Beef Sticks sold nationwide

Walmart Beef Sticks
Courtesy of FSIS

Almost 15,000 pounds of beef sticks sold at stores nationwide are being recalled because of faulty labeling and undeclared allergens. The Iowa Smokehouse Original Smoked Beef Sticks may contain milk, a known allergen, according to an alert posted by the U.S. Department of Agriculture's Food Safety and Inspection Service (FSIS). Anyone who is allergic to milk or has a sensitivity to it may have an adverse reaction to this product.

"The problem was discovered after the firm received consumer complaints of cheese in the product and reported the event to FSIS," the alert says. "There have been no confirmed reports of adverse reactions due to consumption of these products. Anyone concerned about an injury or illness should contact a healthcare provider."

Walmart tells Eat This, Not That! that the beef sticks are not sold at all Walmart stores but at some of the company's third-party marketplaces. "We blocked and removed the item from our website on January 8 and directed the sellers to take appropriate action to address the recall," a spokesperson says.

It's possible that some of these items may still be lurking in consumers' pantries or refrigerators. If you have one in your kitchen, double-check the packaging. Affected products have sell-by dates of 11/15/2022 or 11/17/2022 and establishment numbers of 1633B.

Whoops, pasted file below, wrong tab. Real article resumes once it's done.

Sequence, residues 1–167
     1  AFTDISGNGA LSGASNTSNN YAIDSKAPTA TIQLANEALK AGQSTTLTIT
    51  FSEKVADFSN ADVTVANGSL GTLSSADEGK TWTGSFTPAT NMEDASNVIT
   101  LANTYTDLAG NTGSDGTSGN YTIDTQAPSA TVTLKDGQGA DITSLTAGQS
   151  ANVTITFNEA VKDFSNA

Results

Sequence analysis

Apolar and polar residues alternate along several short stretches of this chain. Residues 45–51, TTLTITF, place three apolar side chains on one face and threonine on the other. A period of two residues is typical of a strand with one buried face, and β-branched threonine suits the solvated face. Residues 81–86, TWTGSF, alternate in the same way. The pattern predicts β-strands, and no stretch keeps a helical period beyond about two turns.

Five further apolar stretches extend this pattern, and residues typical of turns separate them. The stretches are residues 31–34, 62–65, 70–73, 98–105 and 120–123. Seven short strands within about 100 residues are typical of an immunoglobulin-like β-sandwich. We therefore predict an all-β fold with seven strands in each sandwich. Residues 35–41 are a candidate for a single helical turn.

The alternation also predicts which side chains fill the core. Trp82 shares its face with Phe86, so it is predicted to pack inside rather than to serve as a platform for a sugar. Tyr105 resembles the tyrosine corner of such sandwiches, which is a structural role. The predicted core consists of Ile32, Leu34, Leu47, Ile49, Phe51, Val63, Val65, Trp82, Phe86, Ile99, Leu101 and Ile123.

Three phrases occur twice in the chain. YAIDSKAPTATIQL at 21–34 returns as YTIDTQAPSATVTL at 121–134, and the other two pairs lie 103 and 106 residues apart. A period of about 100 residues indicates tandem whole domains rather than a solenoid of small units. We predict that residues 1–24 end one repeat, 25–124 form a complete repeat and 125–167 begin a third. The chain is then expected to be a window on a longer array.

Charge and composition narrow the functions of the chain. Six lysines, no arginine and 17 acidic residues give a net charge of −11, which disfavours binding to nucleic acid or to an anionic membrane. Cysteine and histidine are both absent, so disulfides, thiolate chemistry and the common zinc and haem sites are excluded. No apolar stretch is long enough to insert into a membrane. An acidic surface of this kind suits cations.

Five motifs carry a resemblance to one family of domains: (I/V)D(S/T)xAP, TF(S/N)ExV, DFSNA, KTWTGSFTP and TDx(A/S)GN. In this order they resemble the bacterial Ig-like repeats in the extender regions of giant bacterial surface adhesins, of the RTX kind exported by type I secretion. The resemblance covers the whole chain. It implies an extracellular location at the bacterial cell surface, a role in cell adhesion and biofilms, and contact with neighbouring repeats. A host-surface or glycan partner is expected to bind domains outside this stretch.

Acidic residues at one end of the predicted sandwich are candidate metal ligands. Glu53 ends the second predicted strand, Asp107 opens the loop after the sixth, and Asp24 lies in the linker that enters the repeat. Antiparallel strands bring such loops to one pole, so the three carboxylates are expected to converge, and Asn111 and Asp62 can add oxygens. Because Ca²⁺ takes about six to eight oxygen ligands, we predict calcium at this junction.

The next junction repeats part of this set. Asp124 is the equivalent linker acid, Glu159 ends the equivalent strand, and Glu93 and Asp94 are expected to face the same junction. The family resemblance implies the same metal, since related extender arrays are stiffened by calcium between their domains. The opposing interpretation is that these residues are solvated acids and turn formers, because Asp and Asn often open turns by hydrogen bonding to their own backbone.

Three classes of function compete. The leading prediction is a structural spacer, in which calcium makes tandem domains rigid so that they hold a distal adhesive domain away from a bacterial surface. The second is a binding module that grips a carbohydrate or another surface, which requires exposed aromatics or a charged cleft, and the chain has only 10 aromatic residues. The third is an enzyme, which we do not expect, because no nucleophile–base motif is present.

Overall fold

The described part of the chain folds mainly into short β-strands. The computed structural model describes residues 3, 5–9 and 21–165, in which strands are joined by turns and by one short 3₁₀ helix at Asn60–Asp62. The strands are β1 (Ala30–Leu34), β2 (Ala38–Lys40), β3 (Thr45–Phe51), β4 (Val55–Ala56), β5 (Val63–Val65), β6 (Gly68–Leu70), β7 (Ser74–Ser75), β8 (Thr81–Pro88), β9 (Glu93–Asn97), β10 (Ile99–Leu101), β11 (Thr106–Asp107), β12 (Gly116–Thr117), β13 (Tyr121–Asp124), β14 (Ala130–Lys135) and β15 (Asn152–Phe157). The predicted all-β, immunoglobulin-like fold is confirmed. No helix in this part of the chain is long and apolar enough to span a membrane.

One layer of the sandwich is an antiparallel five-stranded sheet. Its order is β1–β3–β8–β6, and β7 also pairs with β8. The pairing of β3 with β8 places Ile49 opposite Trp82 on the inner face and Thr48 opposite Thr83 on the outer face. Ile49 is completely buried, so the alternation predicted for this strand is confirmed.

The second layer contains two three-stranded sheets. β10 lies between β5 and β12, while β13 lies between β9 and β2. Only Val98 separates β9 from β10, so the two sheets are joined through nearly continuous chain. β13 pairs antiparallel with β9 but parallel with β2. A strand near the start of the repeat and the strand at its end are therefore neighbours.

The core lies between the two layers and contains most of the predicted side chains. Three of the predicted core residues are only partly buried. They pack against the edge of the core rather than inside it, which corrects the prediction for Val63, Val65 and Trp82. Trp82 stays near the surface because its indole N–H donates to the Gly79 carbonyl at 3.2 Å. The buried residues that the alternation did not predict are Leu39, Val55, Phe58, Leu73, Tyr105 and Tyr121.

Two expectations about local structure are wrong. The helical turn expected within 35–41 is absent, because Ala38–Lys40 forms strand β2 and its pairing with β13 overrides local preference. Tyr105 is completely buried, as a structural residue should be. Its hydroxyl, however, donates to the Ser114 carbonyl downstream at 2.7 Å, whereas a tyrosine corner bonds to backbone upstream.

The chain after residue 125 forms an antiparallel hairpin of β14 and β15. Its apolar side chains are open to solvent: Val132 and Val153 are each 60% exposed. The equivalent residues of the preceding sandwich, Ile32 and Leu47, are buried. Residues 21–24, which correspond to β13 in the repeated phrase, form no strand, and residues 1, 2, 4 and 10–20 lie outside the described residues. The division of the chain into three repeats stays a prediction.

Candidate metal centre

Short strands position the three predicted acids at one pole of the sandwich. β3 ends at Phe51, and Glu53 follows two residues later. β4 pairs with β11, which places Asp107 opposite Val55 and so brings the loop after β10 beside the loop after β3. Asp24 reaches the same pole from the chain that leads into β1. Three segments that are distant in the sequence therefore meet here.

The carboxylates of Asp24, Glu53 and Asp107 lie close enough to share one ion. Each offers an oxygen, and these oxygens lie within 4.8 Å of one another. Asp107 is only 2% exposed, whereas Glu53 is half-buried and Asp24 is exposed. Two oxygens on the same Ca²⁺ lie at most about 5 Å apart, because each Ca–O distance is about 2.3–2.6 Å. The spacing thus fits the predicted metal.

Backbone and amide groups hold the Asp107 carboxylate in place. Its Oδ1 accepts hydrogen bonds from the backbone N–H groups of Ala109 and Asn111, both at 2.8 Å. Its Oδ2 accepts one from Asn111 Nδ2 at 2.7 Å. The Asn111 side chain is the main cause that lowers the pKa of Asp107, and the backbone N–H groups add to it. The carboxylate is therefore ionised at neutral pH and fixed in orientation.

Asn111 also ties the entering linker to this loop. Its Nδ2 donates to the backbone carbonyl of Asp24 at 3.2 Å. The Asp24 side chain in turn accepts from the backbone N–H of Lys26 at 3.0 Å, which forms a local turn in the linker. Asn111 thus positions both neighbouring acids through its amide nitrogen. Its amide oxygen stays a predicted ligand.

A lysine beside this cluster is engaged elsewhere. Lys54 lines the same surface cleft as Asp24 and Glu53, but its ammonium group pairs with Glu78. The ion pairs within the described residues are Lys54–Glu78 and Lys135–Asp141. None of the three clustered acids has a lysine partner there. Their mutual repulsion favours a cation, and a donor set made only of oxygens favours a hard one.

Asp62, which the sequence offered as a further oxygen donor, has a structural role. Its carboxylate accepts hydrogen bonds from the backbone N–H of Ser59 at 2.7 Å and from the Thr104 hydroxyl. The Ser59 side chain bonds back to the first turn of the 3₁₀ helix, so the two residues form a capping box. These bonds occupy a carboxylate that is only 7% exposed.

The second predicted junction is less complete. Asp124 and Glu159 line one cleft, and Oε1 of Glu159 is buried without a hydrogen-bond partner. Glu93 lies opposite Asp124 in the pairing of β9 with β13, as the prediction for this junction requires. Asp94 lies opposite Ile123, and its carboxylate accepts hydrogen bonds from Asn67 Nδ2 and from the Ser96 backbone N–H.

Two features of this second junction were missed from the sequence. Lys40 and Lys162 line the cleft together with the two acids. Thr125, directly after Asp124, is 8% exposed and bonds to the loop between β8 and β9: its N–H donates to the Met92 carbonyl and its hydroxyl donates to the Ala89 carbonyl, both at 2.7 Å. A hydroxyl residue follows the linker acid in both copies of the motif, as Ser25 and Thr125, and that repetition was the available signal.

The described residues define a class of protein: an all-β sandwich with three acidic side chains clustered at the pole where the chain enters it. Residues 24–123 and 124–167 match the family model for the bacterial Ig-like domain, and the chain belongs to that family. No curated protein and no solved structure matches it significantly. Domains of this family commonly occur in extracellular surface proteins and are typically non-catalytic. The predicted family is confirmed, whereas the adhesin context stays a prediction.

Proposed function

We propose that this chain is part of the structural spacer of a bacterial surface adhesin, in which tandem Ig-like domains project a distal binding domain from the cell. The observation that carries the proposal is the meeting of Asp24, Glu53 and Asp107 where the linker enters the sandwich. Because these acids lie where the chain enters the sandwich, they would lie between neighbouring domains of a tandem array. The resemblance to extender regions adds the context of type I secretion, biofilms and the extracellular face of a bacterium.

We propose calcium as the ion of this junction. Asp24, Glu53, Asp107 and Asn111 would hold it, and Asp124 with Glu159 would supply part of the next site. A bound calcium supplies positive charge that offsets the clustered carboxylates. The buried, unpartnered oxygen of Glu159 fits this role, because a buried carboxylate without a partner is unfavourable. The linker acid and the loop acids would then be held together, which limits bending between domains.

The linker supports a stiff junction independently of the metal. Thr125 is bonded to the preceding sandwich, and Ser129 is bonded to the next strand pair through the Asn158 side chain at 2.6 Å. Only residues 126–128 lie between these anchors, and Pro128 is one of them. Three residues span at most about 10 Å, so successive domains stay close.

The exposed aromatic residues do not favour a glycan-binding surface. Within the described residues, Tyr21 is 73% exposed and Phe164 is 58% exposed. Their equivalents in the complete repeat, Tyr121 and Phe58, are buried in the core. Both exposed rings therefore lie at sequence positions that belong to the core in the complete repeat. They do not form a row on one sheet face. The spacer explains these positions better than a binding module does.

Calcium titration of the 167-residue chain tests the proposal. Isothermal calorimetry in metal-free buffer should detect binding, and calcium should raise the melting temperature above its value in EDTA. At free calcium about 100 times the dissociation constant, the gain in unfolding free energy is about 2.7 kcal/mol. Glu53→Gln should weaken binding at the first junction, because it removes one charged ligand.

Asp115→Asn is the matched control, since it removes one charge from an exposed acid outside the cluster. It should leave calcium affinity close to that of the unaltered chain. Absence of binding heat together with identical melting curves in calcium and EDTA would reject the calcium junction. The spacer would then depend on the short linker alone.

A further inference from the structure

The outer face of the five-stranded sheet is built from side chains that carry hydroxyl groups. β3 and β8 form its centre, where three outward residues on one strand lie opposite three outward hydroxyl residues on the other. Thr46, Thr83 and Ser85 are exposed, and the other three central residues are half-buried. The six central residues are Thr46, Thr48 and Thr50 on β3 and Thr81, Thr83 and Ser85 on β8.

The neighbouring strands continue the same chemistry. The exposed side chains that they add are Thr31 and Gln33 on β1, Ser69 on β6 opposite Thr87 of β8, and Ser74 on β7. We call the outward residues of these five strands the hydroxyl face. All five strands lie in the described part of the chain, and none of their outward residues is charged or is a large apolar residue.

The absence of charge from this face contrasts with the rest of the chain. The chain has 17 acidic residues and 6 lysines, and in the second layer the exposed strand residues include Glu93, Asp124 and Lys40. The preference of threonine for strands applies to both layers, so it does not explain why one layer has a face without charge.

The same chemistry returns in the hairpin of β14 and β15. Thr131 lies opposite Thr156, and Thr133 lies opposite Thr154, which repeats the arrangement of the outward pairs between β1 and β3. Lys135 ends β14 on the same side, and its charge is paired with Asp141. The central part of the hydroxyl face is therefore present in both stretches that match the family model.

Ice Cream Bites sold at Whole Foods, ShopRite, and more stores

Whole Foods Vanilla Sky Bites
Courtesy of Whole Foods

Dream Pops is asking retailers to pull 26,111 cases of its products after it was discovered that the bite-sized desserts may contain undeclared milk, according to an alert posted by the FDA.

The Berry Dreams, Birthday Cake, Cookie Dough, and Vanilla Sky bites are available at Whole Foods, Wegmans, ShopRite, Schnucks, H-E-B, Harris Teeter, and more grocery stores, but the notice doesn't specify which places the recalled pops were sold at. All of the affected packages have best-by dates ranging from 6/28/22 to 10/21/22. 

The FDA classifies this as a "Class I" recall, or "a situation in which there is a reasonable probability that the use of or exposure to a violative product will cause serious adverse health consequences or death."

No information about possible illnesses related to this recall was provided.

Infant Formula


Angel Formula, which was sold at Moor Herbs' Detroit store and on its website, is being recalled after the FDA determined that it didn't meet certain labeling and nutrition requirements for infant formula. The product is labeled as "a powdered mylk alternative for the health conscious mother." Here's what the organization said about the issue:

"When the product was tested, the iron, sodium, and potassium content were well over the maximum allowed, which could potentially lead to iron overload and/or electrolyte imbalances. In addition, the product did not have vitamin D, and a vitamin D deficiency can potentially lead to rickets, a softening and weakening of bones."

The company began shipping this product in 2019, and "all units in distribution are included in this recall." Parents and caregivers who purchased the affected formula should stop using it and either throw it away or return it for a refund. Anyone concerned about the health or safety of their child should contact a health care provider for more information.

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Amanda McDonald
Amanda has a master's degree in journalism from Northwestern University and a bachelor's degree in digital journalism from Loyola University Chicago. Read more about Amanda